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So You Want to Be a Plumber?

Does the touch of porcelain on your skin send electricity up your spine? Do you find the smell of waste more bearable than your peers? Are neither of those things true but you want a promising career with good pay in an industry that isn’t yet employing more robots than humans? Then plumbing might be right for you! Here’s our guide to becoming a plumber, from apprenticeship and training to progressing your career.

So You Want to Be a Plumber

First Steps

The first thing you should do to become a plumber is get a pre-apprenticeship qualification in the form of a Certificate II in plumbing. Some, but by no means all, of what this Certificate will teach you are:

  • safe working conditions and basic emergency life support
  • plumbing tools, equipment and materials
  • technical drawings, numeracy and calculations
  • principles of sustainability
  • identifying employment opportunities in the plumbing industry


While you may be itching to get straight into your apprenticeship (and that is an option), getting your Cert II could see you finishing your apprenticeship up to six months earlier!


Doing the Hard Yards: Apprenticeship and Cert III

The next step in becoming a registered plumber is earning your Certificate III in plumbing. However, you can’t do your Cert III without an apprenticeship, so these steps will always be combined. Your apprenticeship and Cert III training will be tough – you will be working hard for pretty low wages while doing coursework.

Remember, whoever gives you your apprenticeship will also pay your TAFE fees, ensure your Workers’ Compensation insurance, pay your super, and give you annual leave. When it’s over, you’ll be ready to move ahead in your career, having gained extensive on-the-job experience and learned about specialist plumbing work in water, sanitary, drainage, mechanical services, roofing and gas services.


Continuing Your Journey

Much like getting your car license, you are now a plumber on the equivalent of your P-plates: a journeyman plumber. That means you can work for another licensed plumber, but you can’t run your own business yet. For that, you’ll need to work as a journeyman for two years and complete the more advanced Certificate IV in plumbing through TAFE.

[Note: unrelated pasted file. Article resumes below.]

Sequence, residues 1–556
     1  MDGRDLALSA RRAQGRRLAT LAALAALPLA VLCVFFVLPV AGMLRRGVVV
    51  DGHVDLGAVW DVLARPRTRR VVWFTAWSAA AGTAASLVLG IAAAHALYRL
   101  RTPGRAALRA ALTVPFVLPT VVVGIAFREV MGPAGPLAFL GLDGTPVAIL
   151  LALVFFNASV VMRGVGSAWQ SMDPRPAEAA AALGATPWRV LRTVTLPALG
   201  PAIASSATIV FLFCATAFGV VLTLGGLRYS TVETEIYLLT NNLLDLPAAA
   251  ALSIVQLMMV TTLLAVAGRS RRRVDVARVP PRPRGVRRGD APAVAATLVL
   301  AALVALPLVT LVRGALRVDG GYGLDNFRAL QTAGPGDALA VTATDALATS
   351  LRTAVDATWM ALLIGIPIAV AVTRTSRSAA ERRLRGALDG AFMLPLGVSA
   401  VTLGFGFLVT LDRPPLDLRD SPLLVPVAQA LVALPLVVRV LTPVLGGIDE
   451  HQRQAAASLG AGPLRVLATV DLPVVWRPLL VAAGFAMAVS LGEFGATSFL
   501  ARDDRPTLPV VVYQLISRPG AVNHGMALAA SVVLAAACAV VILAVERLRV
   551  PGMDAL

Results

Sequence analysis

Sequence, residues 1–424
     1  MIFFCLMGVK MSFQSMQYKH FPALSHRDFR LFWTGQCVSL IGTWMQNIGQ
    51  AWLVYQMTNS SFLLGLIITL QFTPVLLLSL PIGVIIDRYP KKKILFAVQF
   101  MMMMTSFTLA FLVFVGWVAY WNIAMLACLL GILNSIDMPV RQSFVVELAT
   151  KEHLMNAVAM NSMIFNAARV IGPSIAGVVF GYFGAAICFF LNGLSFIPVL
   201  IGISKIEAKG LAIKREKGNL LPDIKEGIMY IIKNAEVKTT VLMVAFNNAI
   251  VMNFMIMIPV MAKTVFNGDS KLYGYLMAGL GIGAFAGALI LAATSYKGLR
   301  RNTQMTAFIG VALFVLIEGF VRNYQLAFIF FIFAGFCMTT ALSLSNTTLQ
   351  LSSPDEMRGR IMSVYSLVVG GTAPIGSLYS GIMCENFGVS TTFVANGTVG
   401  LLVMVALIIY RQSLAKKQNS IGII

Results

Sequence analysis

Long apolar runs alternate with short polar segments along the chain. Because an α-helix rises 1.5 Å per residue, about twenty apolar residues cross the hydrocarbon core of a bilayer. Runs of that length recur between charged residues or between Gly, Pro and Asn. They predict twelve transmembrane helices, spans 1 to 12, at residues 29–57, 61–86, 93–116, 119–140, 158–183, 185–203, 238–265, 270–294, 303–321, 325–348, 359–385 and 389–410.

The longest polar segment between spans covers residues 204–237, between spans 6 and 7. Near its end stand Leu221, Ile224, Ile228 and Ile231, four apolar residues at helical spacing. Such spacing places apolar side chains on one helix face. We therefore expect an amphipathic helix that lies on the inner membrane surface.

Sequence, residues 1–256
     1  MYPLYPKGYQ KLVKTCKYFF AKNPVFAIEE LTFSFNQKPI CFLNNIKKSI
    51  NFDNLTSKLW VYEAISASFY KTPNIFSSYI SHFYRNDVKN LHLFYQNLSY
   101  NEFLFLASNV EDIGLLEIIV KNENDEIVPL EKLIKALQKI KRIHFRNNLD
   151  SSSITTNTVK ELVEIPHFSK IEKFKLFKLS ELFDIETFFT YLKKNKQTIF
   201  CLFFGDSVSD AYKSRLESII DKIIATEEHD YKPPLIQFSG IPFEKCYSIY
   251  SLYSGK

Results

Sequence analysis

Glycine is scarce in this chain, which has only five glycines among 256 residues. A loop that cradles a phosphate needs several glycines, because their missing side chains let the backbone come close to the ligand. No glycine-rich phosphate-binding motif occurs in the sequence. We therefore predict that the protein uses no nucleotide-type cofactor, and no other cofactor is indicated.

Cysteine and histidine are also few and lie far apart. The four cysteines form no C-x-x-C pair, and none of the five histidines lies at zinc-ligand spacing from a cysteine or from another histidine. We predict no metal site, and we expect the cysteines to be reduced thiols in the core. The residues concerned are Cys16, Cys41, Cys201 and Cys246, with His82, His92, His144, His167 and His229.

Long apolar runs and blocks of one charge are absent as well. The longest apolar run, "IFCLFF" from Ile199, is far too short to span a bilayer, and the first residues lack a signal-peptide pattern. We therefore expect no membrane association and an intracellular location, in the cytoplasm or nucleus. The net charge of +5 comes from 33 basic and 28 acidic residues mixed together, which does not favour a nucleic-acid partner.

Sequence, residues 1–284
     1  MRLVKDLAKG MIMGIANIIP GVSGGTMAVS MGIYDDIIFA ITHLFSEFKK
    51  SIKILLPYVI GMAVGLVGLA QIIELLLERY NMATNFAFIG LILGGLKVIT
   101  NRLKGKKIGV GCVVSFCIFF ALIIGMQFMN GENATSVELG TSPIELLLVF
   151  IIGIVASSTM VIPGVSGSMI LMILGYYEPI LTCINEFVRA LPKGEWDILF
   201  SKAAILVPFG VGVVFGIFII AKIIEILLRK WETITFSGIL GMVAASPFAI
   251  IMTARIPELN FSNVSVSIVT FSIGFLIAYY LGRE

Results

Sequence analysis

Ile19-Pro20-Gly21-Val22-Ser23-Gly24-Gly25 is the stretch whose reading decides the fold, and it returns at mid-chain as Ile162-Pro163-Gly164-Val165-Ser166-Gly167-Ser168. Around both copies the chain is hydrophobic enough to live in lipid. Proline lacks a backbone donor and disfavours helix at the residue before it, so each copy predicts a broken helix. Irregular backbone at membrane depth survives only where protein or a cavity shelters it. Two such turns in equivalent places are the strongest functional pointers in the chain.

Once you have that under your belt, you can become an independent contractor, free to operate your own plumbing business or work for an existing company as a licensed plumber.


Climbing the Golden Throne

If you are the ambitious type, there’s no need to stop there. Mind you, even just being a run-of-the-mill plumber offers decent pay, with a median starting salary of around $55k. Qualified plumbers also boast a full-time employment rate of 92.5% with heaps of jobs in construction, public works, safety and transport, and more.

There’s no need to stop there:


Climbing the Ranks: Gasfitter

You can train up to become a gasfitter, further increasing your chances of employment and pushing up your wage. Gasfitters earn around $1,200 per week and are in constant demand.


Lead Plumber or Foreman

Once you’ve gained enough experience and mastered all types of plumbing, you’ll be in a position to become a lead plumber or foreman on larger plumbing projects. This means you’ll oversee the whole show and earn more money – the median salary for lead plumbers is close to $70,000.


Master Plumbers

Once you have enough experience and training under your belt, you can apply to become recognised as a Master Plumber. This will provide the ultimate seal of quality to help you draw customers and also push the median salary you can expect up to more than $74,000.


Get in Touch

Want to talk to a master plumber today about your work opportunities? Or do you simply need regular plumbing maintenance? Get in touch with G.F. James Plumbing today on 02 9649 1099 or enquire online.

Geoff James
Written By:

Geoff grew up in Berala near Lidcombe in Sydney and attended Birrong Boys High School where he finished his Year 10 school certificate. Geoff was encouraged by his uncle to consider plumbing as he had done a bit of plumbing work on weekends during his school years. DJ Childs Plumbing in Canterbury offered him a plumbing apprenticeship and he spent most of his time working on plumbing maintenance and new roofs on commercial sites. Geoff on Google+.